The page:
That may be all that is needed to be said. Certainly the natural history of the cuckoo was (and is) interesting enough in its own right (see Bitterli for the literary tradition surrounding the cuckoo). Yet there’s an emotional charge here, despite—or perhaps because—of the poet’s restraint. We aren’t told about the weeping mother, but she’s still there, lurking inside the anthropomorphised bird. And so I wonder whether this riddle might also be seen as a commentary on the social institution of fostering: the custom, particularly among noble families, of sending children to be raised in other households or courts. Beowulf seems to have benefitted, for example, from being raised in the household of his grandfather, King Hrethel (Beowulf, lines 2428-34). In his case, the system seems to have been mutually beneficial: the fosterling maintained a staunch loyalty for the family in which he was brought up, fighting bravely on Higelac’s behalf throughout his kingship and then supporting the rule of Higelac’s young son, Heardred, even though the queen offered him the kingship. Yet it is easy to imagine that the system might not always have worked so well.  What if the visiting prince used up more than his fair share of scarce resources? What if he entered into competition with his foster-parents’ children? What if he "accidently" killed them in a "friendly" duel? The riddle presents precisely the sorrowful outcome that might come out of honourably fulfilling the obligations of fosterage, if one were unfortunate enough to be cursed with a "cuckoo chick".

Cuckoo chick with crow

A cuckoo chick and crow from Wikimedia Commons (licence: CC BY-SA 4.0).

Again, that may be all that is needed to be said. It’s worth noting, however, that Riddle 9 neither begins nor ends with an explicit riddling tag, and that the absence of solutions in the manuscript means that there is always the possibility that we should carry on with the interpretive process. After all, we have in the manuscript three entries from the Physiologus: descriptions of animals that lead to allegorical readings. And, in fact, Riddle 9’s narrative can be translated into a story that might have been useful for preachers. Thus the mother bird can be seen as the soul living in the world (souls are often represented as birds). Her "offspring" are her good thoughts, stored in the nest of her heart. Too often, however, the devil (the cuckoo) insinuates himself (or, strictly speaking, herself) into that heart and leaves behind a sinful thought that grows ever larger, more attractive, and more demanding until those other nest-mates dwindle and disappear. The end result, once again, is dryly understated: the absence of good thoughts ultimately means eternal damnation.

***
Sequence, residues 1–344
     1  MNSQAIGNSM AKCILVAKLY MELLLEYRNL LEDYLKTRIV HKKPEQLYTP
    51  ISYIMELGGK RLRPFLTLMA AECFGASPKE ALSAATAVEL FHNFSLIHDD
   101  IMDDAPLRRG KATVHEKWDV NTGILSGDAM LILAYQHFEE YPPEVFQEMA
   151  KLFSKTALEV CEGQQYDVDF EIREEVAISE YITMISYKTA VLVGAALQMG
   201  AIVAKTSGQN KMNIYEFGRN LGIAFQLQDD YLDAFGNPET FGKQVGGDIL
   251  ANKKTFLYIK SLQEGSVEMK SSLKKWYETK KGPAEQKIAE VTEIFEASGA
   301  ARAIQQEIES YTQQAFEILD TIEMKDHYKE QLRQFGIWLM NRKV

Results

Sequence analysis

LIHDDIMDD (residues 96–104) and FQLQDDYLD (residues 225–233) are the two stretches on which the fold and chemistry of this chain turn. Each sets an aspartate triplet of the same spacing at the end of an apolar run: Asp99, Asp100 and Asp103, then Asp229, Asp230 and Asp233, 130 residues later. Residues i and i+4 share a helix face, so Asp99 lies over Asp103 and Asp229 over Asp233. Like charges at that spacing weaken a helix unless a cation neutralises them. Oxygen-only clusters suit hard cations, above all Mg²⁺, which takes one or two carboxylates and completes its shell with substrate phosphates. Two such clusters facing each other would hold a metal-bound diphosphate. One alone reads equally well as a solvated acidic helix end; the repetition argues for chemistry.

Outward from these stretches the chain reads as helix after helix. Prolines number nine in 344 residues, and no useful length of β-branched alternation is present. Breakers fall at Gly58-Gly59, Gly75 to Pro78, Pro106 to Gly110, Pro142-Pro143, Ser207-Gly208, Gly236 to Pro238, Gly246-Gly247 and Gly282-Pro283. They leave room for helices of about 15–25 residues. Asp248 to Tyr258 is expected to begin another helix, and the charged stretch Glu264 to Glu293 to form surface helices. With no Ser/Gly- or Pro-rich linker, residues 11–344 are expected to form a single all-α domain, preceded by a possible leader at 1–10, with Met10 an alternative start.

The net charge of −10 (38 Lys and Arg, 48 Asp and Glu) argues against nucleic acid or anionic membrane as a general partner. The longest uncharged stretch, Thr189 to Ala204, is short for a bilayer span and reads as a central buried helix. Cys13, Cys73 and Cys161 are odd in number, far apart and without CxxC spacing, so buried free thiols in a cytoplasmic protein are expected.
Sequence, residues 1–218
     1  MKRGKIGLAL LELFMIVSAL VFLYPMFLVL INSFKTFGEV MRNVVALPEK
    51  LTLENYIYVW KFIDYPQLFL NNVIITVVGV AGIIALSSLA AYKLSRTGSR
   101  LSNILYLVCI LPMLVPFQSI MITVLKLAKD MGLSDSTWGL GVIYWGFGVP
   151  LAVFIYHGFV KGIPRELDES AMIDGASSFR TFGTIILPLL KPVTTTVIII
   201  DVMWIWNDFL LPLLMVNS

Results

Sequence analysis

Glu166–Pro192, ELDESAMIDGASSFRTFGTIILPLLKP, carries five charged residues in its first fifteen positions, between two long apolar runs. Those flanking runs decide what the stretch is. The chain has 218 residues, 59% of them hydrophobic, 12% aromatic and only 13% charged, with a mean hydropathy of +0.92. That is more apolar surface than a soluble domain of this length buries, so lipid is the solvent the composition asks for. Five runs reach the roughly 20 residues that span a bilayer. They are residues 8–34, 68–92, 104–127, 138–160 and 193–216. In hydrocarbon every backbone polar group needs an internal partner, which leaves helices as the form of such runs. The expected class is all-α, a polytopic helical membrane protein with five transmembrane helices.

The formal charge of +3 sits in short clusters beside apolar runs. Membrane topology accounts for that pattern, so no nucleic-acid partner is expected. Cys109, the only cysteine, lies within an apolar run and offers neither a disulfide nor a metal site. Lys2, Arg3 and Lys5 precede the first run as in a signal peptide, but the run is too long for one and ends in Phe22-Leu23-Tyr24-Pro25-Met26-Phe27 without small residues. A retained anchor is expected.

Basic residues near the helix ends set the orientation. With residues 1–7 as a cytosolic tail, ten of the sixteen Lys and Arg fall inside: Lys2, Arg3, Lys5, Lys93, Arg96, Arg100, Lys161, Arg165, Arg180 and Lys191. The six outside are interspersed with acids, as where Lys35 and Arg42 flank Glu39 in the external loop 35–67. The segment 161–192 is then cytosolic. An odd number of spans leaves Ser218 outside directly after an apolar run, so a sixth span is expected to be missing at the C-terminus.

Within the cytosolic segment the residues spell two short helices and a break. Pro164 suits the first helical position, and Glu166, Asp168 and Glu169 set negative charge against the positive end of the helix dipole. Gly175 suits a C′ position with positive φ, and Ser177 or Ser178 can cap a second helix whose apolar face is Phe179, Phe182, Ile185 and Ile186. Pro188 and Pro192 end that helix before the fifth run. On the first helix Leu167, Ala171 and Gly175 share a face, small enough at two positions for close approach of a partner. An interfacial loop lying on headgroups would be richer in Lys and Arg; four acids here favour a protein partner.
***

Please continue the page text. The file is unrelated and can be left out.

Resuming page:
As I’ve already said, there is no need in Riddle 9 for an allegorical reading or for social commentary. On the other hand, there is no reason why these things should not be there: Riddle 43 contains an allegory of body and soul, and several of the riddles include considerations of social roles (see, for example, Riddle 20, in which the sword reflects on its relationship with its lord). With no prologue, instructions, or solutions, Riddle 9, like all the Exeter Book riddles, invites a plethora of interpretive strategies. More importantly, it rules none out.


References and Suggested Reading:

Bitterli, Dieter. “The Survival of the Dead Cuckoo: Exeter Book Riddle 9.” In Riddles, Knights and Cross-dressing Saints: Essays on Medieval English Language and Literature. Edited by Thomas Honegger. Variations, vol. 5. Bern: Peter Lang, 2004, pages 95-114

Neville, Jennifer. “Fostering the Cuckoo: Exeter Book Riddle 9.” The Review of English Studies, vol. 58 (2007), pages 431-46 [the full text of this article, among others, is available on Jennifer’s university webpage]

Tags: anglo saxon  exeter book  riddles  old english  solutions  riddle 9  jennifer neville 

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Exeter Riddle 42


Date: Thu 30 Jul 2015
Matching Commentaries: Commentary for Exeter Riddle 42

This riddle translation comes to us from Jennifer Neville, Reader in Early Medieval Literature at Royal Holloway University of London. She has published on several of the riddles and is currently working on a book about them. You may remember her from her brilliant translation and commentary of Riddle 9.

Original text:

Ic seah wyhte      wrætlice twa
undearnunga      ute plegan
hæmedlaces;     hwitloc anfeng
wlanc under wædum,      gif þæs weorces speow,
5     fæmne fyllo.      Ic on flette mæg